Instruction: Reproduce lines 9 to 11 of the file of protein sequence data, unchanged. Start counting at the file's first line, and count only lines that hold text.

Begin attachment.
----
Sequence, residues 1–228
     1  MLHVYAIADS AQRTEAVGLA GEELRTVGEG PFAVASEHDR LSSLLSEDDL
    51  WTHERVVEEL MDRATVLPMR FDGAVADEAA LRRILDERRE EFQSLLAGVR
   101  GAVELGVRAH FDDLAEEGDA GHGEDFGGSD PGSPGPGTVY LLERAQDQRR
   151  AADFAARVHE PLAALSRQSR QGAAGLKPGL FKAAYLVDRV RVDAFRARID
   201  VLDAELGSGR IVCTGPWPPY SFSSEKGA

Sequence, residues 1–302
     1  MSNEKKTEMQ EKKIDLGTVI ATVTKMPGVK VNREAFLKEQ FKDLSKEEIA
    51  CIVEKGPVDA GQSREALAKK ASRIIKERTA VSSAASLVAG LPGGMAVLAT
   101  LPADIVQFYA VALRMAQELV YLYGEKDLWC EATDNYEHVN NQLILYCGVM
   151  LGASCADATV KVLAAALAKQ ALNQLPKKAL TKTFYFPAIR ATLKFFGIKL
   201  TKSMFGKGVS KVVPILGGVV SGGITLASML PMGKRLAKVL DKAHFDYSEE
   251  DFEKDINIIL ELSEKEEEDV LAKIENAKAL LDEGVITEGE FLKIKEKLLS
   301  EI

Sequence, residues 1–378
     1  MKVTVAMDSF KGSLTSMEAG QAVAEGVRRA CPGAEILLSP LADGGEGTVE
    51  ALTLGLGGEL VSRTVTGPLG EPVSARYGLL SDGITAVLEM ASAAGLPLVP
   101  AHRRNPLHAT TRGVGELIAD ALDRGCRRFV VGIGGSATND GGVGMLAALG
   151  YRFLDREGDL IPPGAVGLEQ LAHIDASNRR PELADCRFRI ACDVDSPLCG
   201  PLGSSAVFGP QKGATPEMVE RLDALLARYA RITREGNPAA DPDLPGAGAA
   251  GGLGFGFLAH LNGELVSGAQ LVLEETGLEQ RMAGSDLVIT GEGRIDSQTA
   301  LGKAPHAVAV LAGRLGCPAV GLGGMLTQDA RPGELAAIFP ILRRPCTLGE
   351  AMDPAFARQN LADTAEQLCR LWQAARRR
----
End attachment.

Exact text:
    51  CIVEKGPVDA GQSREALAKK ASRIIKERTA VSSAASLVAG LPGGMAVLAT
   101  LPADIVQFYA VALRMAQELV YLYGEKDLWC EATDNYEHVN NQLILYCGVM
   151  LGASCADATV KVLAAALAKQ ALNQLPKKAL TKTFYFPAIR ATLKFFGIKL